Cervelli's antics reignite Yanks-Sox feud

BOSTON -- Translated from Italian into English, Francisco Cervelli's name means "Frankie Brains.''

It remains to be seen whether he is aptly named or comically mislabeled, because, as we know, people's names don't always reflect who they are. Aaron Small, for instance, was 6-foot-5.

And in the New York Yankees' 5-2 win over the Boston Red Sox at Fenway Park on Tuesday, a victory that pulled the Yankees to within a half-game of Boston in the race for the AL East title, Cervelli provided evidence to support both sides of the argument.

In the fifth inning, Cervelli was looking fastball all the way on a 3-1 pitch from John Lackey and absolutely crushed it out onto Lansdowne Street to give the Yankees a 4-2 lead.

That was very, very cervelli, as in brainy.

But as he reached home plate, he stomped on it with both feet and clapped his hands loudly and right in the face of Red Sox catcher Jarrod Saltalamacchia, who apparently thought that a little too much celebration for a third career home run.

That, too, was very, very Cervelli, although how brainy it was is very much open to question.

Because on his next at-bat, leading off the seventh, Lackey drilled him in the back with a fastball, and as we've seen so many times before in a Yankees-Red Sox series, it was on.

Cervelli turned to jaw with Saltalamacchia. Lackey, whose eyes burned a hole into Cervelli's back all the way to the dugout after the home run demonstration, jawed at Cervelli. For a moment, it appeared the conversation might turn physical, but Joe Girardi charged out of the Yankees dugout to get between the two catchers, and everyone on both rosters somewhat reluctantly made their way out of clubhouses and bullpens to mill around aimlessly on the infield, just in case anyone was taking attendance.

Somehow, Lackey, Cervelli and Saltalamacchia remained in the game but Yankees pitching coach Larry Rothschild, a generally soft-spoken individual, managed to get himself ejected by third-base umpire Mark Wegner.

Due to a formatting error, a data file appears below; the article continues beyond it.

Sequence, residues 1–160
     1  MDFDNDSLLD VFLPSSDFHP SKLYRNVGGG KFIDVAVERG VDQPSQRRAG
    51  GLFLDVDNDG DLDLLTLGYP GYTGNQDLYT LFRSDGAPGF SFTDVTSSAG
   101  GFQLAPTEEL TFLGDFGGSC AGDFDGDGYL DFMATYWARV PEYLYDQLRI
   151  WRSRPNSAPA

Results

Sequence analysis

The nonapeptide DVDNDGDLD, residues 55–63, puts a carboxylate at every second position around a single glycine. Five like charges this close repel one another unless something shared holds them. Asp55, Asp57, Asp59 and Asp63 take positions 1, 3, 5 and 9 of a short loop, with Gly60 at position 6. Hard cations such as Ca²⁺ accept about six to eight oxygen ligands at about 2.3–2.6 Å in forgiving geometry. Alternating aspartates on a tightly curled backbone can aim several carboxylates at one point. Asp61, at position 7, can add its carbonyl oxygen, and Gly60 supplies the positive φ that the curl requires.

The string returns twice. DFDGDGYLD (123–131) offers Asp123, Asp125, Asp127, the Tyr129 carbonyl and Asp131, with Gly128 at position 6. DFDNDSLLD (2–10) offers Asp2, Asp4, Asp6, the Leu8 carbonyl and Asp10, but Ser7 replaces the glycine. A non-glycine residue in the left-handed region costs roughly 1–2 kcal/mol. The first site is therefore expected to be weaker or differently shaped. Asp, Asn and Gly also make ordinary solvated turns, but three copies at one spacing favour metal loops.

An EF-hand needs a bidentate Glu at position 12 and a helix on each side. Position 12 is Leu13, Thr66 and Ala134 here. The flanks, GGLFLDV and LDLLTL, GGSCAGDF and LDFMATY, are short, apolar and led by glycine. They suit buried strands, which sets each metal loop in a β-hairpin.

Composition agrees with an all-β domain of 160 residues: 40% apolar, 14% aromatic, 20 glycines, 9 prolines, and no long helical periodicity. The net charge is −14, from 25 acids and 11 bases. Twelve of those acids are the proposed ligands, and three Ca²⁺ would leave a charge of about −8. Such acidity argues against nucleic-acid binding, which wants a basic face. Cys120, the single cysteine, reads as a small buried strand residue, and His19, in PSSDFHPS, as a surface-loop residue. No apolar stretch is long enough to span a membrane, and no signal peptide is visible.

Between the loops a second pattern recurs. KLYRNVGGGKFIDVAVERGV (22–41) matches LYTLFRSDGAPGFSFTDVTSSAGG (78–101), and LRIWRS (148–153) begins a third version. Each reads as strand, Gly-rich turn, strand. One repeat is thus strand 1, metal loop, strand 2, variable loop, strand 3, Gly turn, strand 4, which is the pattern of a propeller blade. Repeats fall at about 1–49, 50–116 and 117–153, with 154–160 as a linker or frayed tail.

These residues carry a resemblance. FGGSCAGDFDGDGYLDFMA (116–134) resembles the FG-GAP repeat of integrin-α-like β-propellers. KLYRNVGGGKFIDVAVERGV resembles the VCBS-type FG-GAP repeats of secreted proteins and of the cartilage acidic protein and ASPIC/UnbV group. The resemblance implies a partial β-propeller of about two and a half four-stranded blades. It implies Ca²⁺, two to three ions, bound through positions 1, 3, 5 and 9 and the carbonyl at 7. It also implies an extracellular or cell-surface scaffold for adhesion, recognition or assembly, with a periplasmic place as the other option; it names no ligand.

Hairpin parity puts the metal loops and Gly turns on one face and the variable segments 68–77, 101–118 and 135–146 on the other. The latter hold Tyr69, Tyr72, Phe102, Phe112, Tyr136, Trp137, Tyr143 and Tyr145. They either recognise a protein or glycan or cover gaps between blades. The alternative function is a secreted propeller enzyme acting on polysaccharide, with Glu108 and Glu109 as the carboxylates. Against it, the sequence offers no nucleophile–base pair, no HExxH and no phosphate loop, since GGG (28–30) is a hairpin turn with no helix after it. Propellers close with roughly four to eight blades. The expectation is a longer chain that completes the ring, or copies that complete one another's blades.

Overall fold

Asked if he had said a bad word to the umpire, Rothschild said, "No.''

Then, with perfect comic timing, he added, "More than one.''

The act of retaliation by Lackey wound up backfiring on the Red Sox when Cervelli wound up scoring the fifth run of the game on Derek Jeter's double-play grounder, so perhaps there was a method to the Yankees backup catcher's madness after all.

And it turned out there was more than a touch of intelligence in the way he managed not to get himself run from the game, for as we were to learn afterward, the regular catcher, Russell Martin, was unavailable due to an accumulation of dings that both he and Girardi characterized as minor.

He even got in one last dig at the end of the seventh, when, as Boone Logan was delivering his own left hook to an imaginary midsection in celebration of striking out Darnell McDonald to end the inning with the bases loaded, Cervelli was running off the field delivering a high-speed series of straight rights in the direction of the sky.

Take that, he seemed to be saying, to the city of Boston as a whole -- and for this night at least, Boston had no effective response.

"That's Cervelli,'' said Cervelli, lapsing into the third person, a la Rickey Henderson. "Like I say, I never try to do to show up any other player. That's just me. I feel happy when we get a strikeout, and it's a big game, it's bases loaded. So for me, it's good, and I try to transfer the energy to my teammates.''